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[itex]s(t)=\int_{t_0}^{t}\left | R'(\xi) \right |d\xi[/itex] What is [itex]\xi[/itex]

  1. Sep 29, 2012 #1
    [itex]s(t)=\int_{t_0}^{t}\left | R'(\xi) \right | d\xi[/itex]
    What is [itex]\xi[/itex] ?

    In the above arc length formula with ##\xi##, what is ##\xi##?
     
  2. jcsd
  3. Sep 29, 2012 #2
    Re: [itex]s(t)=\int_{t_0}^{t}\left | R'(\xi) \right | d\xi[/itex] What is [itex]\xi[/

    A variable. R' seems to be a function of [itex]\xi[/itex].
     
  4. Sep 29, 2012 #3
    Re: [itex]s(t)=\int_{t_0}^{t}\left | R'(\xi) \right | d\xi[/itex] What is [itex]\xi[/

    I found this equation while studying vector calculus/ multivariable calculus. I was studying about binormal, tangent, normal, frenet frame, etc.

    I just don't understand ##\xi## because the variables usually involved were t and s
     
  5. Sep 30, 2012 #4
    Re: [itex]s(t)=\int_{t_0}^{t}\left | R'(\xi) \right | d\xi[/itex] What is [itex]\xi[/

    [itex]\xi[/itex] is just a mute variable. You can't use t inside the integral because t is used on the boundary of the interval. So [itex]\xi[/itex] is just a normal variable.
     
  6. Sep 30, 2012 #5
    Re: [itex]s(t)=\int_{t_0}^{t}\left | R'(\xi) \right | d\xi[/itex] What is [itex]\xi[/

    t and s are just letters. You can denote a variable by whatever symbol you want.
     
  7. Sep 30, 2012 #6
    Re: [itex]s(t)=\int_{t_0}^{t}\left | R'(\xi) \right | d\xi[/itex] What is [itex]\xi[/

    I guess ##\xi## is just t, because the integral is from ##t_0## to ##t## so it just has to be t in the sense that it represents time...
    I just found it confusing why he suddenly put ##\xi## when all along he was talking about t, s, velocity, binormal, and Frenet frames of vectors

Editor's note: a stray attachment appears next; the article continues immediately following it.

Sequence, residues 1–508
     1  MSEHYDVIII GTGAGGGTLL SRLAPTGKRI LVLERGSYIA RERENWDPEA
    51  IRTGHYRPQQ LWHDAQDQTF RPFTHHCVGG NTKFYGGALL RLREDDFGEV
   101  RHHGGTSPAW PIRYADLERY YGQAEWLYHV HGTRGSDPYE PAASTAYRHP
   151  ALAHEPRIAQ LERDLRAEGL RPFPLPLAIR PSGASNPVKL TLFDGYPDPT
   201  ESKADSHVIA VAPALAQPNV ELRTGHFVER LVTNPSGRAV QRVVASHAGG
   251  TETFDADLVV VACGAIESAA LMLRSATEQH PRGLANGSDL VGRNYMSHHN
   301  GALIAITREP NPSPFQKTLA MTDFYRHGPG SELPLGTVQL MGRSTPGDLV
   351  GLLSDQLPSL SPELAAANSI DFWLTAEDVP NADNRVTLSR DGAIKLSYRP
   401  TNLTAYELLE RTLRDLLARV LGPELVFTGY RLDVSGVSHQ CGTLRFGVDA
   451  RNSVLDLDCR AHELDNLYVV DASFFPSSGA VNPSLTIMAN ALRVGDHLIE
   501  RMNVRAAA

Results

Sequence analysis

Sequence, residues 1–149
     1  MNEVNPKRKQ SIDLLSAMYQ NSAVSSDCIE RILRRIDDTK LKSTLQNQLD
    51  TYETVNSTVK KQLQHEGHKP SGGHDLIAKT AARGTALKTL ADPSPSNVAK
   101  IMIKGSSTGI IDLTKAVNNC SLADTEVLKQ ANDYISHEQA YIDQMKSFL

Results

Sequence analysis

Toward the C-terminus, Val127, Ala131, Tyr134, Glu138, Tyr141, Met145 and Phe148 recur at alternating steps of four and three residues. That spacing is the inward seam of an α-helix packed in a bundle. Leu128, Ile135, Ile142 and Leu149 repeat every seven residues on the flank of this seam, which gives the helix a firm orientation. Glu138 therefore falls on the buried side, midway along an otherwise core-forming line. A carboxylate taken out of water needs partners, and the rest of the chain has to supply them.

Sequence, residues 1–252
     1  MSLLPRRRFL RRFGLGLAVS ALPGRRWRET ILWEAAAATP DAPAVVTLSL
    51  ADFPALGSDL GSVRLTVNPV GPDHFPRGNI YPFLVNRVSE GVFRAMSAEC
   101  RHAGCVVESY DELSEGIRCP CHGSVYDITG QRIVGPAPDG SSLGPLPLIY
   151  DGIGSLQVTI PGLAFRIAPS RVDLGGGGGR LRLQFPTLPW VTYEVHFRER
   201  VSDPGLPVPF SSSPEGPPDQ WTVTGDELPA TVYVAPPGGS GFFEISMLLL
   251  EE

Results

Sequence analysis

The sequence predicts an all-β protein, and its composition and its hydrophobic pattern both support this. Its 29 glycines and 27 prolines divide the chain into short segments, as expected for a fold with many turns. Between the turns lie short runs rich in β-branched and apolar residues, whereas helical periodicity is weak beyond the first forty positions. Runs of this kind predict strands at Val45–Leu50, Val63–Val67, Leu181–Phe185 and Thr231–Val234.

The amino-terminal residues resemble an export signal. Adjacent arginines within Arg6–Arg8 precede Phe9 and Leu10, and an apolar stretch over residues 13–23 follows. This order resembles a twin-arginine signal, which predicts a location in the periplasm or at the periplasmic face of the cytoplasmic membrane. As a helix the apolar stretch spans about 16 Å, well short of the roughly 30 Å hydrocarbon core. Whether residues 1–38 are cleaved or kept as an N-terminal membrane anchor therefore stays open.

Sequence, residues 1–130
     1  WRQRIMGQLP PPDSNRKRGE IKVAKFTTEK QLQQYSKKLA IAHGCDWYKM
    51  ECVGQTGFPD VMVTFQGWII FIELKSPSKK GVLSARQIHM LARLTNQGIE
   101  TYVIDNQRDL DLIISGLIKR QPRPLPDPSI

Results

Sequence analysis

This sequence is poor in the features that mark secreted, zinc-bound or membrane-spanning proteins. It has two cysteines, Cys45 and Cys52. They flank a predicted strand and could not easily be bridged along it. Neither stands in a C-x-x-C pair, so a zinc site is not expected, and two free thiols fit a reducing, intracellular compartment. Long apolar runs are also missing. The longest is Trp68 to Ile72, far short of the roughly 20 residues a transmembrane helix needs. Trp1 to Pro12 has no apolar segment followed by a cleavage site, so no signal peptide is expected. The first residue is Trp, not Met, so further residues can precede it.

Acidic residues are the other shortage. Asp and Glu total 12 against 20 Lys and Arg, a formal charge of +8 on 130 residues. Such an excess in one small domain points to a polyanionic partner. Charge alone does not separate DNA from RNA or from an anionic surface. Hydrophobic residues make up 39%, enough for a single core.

Thanks now I understand !
     
    Last edited: Sep 30, 2012
  8. Sep 30, 2012 #7

    cepheid

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    Re: [itex]s(t)=\int_{t_0}^{t}\left | R'(\xi) \right | d\xi[/itex] What is [itex]\xi[/

    R and s are both functions of time, but s is defined in terms of an integral, and represents the cumulative area under |R'|, up to time t. So, what makes s a function of t is the fact that the upper limit of the integral is a variable (t), not a constant. So, t is the variable corresponding to the time value up to which you integrate. It would be poor notation (and just wrong) to use the same symbol (t) for the other time variable that corresponds to all the particular times at which R is evaluated. So the time values with respect to with R varies are instead given another symbol, xi. In this context, xi is an example of what is termed a dummy variable of integration:

    http://mathworld.wolfram.com/DummyVariable.html

    EDIT: Thread title fixed :smile:
     
    Last edited: Sep 30, 2012
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